The picture above is ... ME! And that stick in the bullseye, that was my first arrow to hit the target. The whole time leading up to it I wondered what it would be like; to have some kind of sign that you did something right. Well, I got a disgustingly huge smile across my face. One of those that are impossible to hide or subdue. The fact that I hit the bullseye sent that smile to infinity. How could I hit the target any more than I did? But by no means am I gloating about this though. The next two arrows I shot went flying in just as strange directions as all the arrows I shot before that fateful one. It's as if our success is completely random, or at least far beyond our own logical comprehension. Before I hit the target, I tried as I could. After I hit the target, I tried as hard as I could. That one shot I hit the target, I tried as hard as I could. Why, when all the other times I failed, did I hit the target that one time? I don't know.

But seriously, I know so little about Kyudo. What this two-month course has done is taught me how to stand. There are so many small details about this art, like our body's motor skills, that to be able to simply shoot an arrow at the target on your own is the managing of a lot of little things that those who have accomplished have probably long forgotten. After two months, I went from a babbling baby crawling around on the floor, to a toddler who can stand without Sensei holding me up. I think he was just as happy as the students while we all drank tea and ate crackers at our little graduation ceremony. Thinking about this now reminds me of the personal bonds you form with your teachers, students, and fellow practitioners. Through the incredible physical, mental, and spiritual struggles you encounter together, things just seem to settle into a family. I don't remember the context or the exact words, but my first teacher told me when I was 17 years old that the bond between a student and his teacher is like the perfect father-son relationship. Saying that to me had a great affect, and surprisingly even more so now. I'm sure he was aware at the time that I was raised without a father, but this idea is free from the limitation of having your father in your life. Free from specific circumstances, yet steeped in emotional goo.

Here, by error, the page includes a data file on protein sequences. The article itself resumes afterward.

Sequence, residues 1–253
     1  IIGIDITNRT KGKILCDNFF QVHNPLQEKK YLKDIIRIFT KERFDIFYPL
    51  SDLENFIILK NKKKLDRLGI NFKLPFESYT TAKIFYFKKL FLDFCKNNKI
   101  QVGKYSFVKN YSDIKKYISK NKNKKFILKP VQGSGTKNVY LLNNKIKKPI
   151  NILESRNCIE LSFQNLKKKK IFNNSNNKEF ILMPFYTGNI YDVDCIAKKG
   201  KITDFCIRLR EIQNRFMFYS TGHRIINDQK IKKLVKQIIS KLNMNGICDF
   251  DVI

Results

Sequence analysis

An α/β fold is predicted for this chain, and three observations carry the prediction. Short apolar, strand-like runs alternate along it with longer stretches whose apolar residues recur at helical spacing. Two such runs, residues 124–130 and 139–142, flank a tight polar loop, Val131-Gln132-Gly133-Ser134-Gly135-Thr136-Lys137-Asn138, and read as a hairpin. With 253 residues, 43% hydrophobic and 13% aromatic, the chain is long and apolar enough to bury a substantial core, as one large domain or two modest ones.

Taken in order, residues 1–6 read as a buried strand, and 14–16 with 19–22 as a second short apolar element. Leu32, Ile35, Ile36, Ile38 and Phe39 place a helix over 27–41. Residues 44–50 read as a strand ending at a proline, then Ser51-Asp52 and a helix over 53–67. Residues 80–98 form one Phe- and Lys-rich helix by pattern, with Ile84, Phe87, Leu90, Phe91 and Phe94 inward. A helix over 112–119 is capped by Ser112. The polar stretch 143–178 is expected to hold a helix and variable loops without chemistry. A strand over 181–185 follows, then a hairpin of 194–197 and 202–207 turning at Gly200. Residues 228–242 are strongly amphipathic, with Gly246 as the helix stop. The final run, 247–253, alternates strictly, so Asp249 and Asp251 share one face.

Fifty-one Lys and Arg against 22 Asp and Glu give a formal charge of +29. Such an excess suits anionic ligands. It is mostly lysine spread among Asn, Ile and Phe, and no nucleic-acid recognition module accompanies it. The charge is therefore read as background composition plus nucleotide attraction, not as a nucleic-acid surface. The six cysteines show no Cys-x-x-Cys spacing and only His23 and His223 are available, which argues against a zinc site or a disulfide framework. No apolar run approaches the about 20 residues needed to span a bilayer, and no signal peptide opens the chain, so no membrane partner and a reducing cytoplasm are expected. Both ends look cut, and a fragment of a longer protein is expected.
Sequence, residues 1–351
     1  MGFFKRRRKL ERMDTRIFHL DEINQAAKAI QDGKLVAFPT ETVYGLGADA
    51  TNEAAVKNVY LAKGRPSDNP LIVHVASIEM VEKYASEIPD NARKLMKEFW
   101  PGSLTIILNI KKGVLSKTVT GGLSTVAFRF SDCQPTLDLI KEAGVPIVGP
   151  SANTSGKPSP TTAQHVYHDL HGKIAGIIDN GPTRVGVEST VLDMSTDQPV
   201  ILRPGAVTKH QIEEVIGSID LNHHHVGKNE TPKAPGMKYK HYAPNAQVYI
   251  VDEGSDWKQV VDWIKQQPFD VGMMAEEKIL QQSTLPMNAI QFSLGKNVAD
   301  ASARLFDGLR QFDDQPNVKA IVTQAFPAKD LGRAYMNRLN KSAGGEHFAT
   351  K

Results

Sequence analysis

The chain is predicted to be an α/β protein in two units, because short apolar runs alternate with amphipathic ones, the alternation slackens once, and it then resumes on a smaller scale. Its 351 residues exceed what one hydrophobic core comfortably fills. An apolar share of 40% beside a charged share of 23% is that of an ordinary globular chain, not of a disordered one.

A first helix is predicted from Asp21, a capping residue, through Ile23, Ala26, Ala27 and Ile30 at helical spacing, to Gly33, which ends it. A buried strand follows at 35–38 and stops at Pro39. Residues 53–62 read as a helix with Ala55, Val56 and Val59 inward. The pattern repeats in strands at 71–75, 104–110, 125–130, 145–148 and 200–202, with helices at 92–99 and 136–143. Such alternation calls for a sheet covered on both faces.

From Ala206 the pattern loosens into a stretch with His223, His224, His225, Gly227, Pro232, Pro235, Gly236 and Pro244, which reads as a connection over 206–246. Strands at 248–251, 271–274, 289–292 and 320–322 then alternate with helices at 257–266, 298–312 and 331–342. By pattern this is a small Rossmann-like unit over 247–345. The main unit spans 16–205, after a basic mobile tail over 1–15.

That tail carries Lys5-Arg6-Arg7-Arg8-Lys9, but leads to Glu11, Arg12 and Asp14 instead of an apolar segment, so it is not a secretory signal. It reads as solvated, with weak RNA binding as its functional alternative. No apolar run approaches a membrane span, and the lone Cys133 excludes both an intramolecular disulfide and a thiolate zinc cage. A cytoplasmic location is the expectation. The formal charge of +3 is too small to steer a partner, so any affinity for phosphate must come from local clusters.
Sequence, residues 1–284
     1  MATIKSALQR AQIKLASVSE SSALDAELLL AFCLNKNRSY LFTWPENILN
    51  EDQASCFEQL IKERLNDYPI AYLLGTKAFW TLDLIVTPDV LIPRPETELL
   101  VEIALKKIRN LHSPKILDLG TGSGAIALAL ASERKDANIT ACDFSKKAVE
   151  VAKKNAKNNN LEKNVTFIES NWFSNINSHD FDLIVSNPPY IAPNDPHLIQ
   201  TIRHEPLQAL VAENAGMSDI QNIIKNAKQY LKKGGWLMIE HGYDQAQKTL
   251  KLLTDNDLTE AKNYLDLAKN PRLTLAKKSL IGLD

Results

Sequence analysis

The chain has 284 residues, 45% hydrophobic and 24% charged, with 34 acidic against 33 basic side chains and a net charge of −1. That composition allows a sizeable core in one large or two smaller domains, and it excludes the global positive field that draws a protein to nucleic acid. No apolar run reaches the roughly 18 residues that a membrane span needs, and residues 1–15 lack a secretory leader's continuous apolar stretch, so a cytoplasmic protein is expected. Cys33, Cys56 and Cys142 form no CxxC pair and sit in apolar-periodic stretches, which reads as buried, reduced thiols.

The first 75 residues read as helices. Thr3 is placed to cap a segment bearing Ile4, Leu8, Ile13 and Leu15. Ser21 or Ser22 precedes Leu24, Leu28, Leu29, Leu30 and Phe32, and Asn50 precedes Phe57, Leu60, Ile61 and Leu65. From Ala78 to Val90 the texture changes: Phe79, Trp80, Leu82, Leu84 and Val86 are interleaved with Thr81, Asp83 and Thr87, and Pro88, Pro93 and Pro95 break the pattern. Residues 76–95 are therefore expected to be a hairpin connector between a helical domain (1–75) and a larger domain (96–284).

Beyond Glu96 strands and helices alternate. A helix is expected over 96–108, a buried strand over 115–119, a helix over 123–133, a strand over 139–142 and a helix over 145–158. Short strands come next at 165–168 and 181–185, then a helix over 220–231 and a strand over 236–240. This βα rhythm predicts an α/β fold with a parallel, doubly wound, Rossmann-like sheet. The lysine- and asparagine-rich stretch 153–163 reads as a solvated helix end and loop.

I don't know. I don't care so much either.

A cloud passes over the mountain. How could I see every blade of vegetation around the river?

Anyway, my Kyudo sensei is cool and I look forward to continuing this journey in the art under his supervision and guidance.

I just stepped outside and heard some dude playing the guitar and singing next to the river. A brave artist. I wonder what it would be like to do the Tai Chi form in the park for everyone to see. That's not going to happen now. Hey seasoned martial artists, does that get easier to do? And why are these damn Japanese apartments always hotter than outside?

Check in soon about more budo experiences in aikido, my new study of kyudo, zen meanderings, and maybe some mountain adventures. If any of you practice kyudo, please let your voice be known in the comment section!

Have a nice day.


Tuesday, July 10, 2012

Kyudo: My New Study